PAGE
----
Climate change and its many consequences are not only affecting the environment, but also disturbing humans socially and economically. Negative environmental outcomes of global warming such as melting ice, extreme storms and air pollution are affecting populations around the world. Melting ice resulting in ocean levels rising is a significant issue for society as many low-altitude locations around the world are being slowly flooded by seawater, forcing towns and cities to adapt and move to avoid sinking. Dhaka, the capital city of Bangladesh is sinking at a rapid rate of more than 5 inches each decade, posing serious threat to the coastal communities (M.Hickman, 2019). On top of rising sea levels, an increase in major storms threatens the world socially and economically. Business Insider stated that the United States spent more money on natural disaster recovery in 2017 than any other year in history, with approximately $306 billion dollars’ worth of damage (J.Berke, 2018). Studies show that this increasing cost of damage and severity of social impacts of natural disasters is part of continuing trend which is growing worse and worse. To reduce the impacts of climate change, more sustainable practices must be used in industrial and agricultural sectors. According to the International Labour Organisation, 18 million jobs in energy production can be created simply by achieving sustainability in that sector. The transition to a more sustainable future in terms of agriculture, energy production and industry would benefit the human race as well as save the environment.
Energy efficient, sustainable technology is a key part of finding a solution to global warming and reducing its impacts. A study provided by the USEPA showed that electricity production contributed to nearly a third of the world’s carbon emissions causing global warming, meaning that reducing the greenhouse gases generated by energy production would be an ideal way of tackling climate change. An article by Geoscience Australia (2019) states that the majority of Australia’s electricity comes from coal, oil and gas, which are the most unsustainable and environmentally destructive energy sources available. On top of this, coal burning is extremely inefficient, as 70% of the electricity produced is lost at the power station, and a further 10% is lost when this energy is transported along power lines (R.Lawrence, 2012). This demonstrates how unsustainable Australia’s energy production sector currently is, and how much it could be changed in order to achieve a healthier planet. A particularly effective way of producing electricity is through a fuel cell generator which uses simple, efficient and sustainable methods of generating electricity in a small box. This would be more ideal and effective than other renewable resources such as solar power, wind power and hydroelectricity which all rely on certain environmental conditions. These generators, such as the BlueGen fuel cell, do not require any specific conditions and are extremely efficient. This generator lets households and businesses produce their electricity independently, rather than relying on the expensive and inefficient energy from the grid. The BlueGen, produced by a Melbourne based Australian company, works by piling 204 small fuel cells inside the generator, to make a small film stack. The tiny fuel cells use a thin ceramic conductor sheet in between two metallic catalysts to separate hydrogens and carbons (filtered out as waste gas) from the electrons which are carried away as an electric current. This chemical reaction occurs inside the generator when it is heated to 750 degrees Celsius. This efficient, coal free electric current produces 1.5 kilowatts of energy hour, enough for two average family homes each year. For hot water supply, just one generator heats 200L of hot water per day, and runs on simply natural gas and air. Compared to the current energy production systems, which burn coal, oil and other harmful gases which contribute to global warming, fuel cell generators are a much more sustainable and efficient. Implementing these generators into society would dramatically decrease the impacts of climate change by lowering carbon emissions from the energy sector.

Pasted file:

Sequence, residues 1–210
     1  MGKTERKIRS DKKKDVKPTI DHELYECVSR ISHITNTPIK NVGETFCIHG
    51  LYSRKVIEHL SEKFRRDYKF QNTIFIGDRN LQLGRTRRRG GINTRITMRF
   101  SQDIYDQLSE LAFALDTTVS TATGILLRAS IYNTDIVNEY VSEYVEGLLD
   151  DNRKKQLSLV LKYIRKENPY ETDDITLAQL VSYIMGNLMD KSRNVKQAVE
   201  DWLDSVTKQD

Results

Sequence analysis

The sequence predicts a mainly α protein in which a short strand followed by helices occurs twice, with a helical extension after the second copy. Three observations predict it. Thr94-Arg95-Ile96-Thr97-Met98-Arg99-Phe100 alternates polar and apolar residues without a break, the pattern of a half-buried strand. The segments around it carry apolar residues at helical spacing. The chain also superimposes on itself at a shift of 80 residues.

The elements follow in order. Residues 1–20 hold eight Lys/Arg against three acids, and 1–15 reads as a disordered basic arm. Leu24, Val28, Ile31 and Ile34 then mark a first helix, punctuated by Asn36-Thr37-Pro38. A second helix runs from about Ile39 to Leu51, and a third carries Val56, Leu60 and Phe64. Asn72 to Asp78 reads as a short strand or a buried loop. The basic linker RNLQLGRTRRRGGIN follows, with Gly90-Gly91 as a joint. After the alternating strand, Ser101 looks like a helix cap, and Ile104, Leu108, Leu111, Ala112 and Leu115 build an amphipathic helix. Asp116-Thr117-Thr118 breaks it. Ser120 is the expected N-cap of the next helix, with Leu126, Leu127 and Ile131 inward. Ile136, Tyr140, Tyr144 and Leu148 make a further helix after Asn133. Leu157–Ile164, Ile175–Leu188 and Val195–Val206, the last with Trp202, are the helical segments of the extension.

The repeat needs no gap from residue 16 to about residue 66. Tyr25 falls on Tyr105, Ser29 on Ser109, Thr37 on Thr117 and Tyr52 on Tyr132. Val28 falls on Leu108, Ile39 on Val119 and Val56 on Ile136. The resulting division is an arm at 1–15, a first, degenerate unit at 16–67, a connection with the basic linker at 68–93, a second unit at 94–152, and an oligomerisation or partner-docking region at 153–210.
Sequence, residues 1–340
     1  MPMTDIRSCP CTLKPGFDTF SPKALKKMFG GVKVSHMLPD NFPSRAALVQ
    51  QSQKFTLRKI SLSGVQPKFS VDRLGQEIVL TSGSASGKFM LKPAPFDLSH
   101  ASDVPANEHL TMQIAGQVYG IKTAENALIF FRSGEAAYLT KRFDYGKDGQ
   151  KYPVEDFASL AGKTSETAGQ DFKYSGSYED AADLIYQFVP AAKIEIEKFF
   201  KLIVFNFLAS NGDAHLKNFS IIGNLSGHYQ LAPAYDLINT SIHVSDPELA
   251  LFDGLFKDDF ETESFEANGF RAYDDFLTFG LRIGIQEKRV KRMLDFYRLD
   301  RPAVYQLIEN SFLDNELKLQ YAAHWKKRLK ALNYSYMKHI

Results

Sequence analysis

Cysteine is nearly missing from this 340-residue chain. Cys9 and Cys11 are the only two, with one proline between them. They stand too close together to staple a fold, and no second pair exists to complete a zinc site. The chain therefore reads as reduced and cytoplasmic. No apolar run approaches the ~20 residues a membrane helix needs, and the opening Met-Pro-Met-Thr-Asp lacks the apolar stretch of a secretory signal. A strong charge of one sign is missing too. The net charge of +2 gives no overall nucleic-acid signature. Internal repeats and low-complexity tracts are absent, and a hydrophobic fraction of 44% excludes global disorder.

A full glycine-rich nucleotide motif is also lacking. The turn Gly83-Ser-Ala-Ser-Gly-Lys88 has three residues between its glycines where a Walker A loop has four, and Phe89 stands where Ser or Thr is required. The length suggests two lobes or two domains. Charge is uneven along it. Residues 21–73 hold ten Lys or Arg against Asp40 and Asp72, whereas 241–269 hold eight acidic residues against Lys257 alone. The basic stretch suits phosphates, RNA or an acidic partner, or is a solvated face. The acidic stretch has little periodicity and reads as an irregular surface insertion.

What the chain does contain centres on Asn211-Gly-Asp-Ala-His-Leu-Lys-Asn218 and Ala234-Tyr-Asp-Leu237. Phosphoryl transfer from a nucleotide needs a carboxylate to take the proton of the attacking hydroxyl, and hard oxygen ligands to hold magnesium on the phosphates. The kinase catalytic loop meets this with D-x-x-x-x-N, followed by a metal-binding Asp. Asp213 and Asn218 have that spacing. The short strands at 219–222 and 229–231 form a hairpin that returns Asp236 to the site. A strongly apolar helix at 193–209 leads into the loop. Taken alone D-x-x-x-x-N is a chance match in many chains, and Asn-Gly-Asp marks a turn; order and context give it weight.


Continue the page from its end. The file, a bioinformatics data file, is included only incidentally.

Along with introducing ways of energy efficient, sustainable electricity production, other measures should be taken to ensure global warming is not the end of the planet. Plastic production plays a major part in fossil fuel emissions, due to the huge amount of plastics produced. Due to society’s consumerism, disposable plastics are mass produced, leading to air and ocean pollution. On top of this, large scale farming practices are highly unsustainable and could be changed to benefit the planet. The impacts of climate change on society and the earth is obvious, and science and technology must be implemented for a more sustainable and healthy future.